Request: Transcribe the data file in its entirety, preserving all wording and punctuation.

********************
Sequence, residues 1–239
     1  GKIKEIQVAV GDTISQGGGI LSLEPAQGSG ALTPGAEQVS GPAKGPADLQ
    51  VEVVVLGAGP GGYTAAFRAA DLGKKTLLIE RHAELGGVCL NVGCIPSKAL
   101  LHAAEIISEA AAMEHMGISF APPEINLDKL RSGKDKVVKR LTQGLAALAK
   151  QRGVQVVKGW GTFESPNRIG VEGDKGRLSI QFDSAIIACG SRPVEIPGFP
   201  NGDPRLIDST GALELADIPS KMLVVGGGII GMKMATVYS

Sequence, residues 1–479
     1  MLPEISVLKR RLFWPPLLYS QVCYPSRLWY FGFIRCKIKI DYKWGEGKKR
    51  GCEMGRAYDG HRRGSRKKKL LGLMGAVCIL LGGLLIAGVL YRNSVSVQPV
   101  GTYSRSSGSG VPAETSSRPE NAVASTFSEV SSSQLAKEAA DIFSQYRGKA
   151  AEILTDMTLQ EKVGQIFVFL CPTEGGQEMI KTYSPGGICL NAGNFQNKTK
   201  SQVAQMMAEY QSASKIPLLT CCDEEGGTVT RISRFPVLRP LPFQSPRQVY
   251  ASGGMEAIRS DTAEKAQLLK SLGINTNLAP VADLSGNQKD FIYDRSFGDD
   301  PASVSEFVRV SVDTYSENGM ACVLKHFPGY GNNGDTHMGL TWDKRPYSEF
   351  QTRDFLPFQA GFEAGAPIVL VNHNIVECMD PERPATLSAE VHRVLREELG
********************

Sequence, residues 1–239
     1  GKIKEIQVAV GDTISQGGGI LSLEPAQGSG ALTPGAEQVS GPAKGPADLQ
    51  VEVVVLGAGP GGYTAAFRAA DLGKKTLLIE RHAELGGVCL NVGCIPSKAL
   101  LHAAEIISEA AAMEHMGISF APPEINLDKL RSGKDKVVKR LTQGLAALAK
   151  QRGVQVVKGW GTFESPNRIG VEGDKGRLSI QFDSAIIACG SRPVEIPGFP
   201  NGDPRLIDST GALELADIPS KMLVVGGGII GMKMATVYS

Sequence, residues 1–479
     1  MLPEISVLKR RLFWPPLLYS QVCYPSRLWY FGFIRCKIKI DYKWGEGKKR
    51  GCEMGRAYDG HRRGSRKKKL LGLMGAVCIL LGGLLIAGVL YRNSVSVQPV
   101  GTYSRSSGSG VPAETSSRPE NAVASTFSEV SSSQLAKEAA DIFSQYRGKA
   151  AEILTDMTLQ EKVGQIFVFL CPTEGGQEMI KTYSPGGICL NAGNFQNKTK
   201  SQVAQMMAEY QSASKIPLLT CCDEEGGTVT RISRFPVLRP LPFQSPRQVY
   251  ASGGMEAIRS DTAEKAQLLK SLGINTNLAP VADLSGNQKD FIYDRSFGDD
   301  PASVSEFVRV SVDTYSENGM ACVLKHFPGY GNNGDTHMGL TWDKRPYSEF
   351  QTRDFLPFQA GFEAGAPIVL VNHNIVECMD PERPATLSAE VHRVLREELG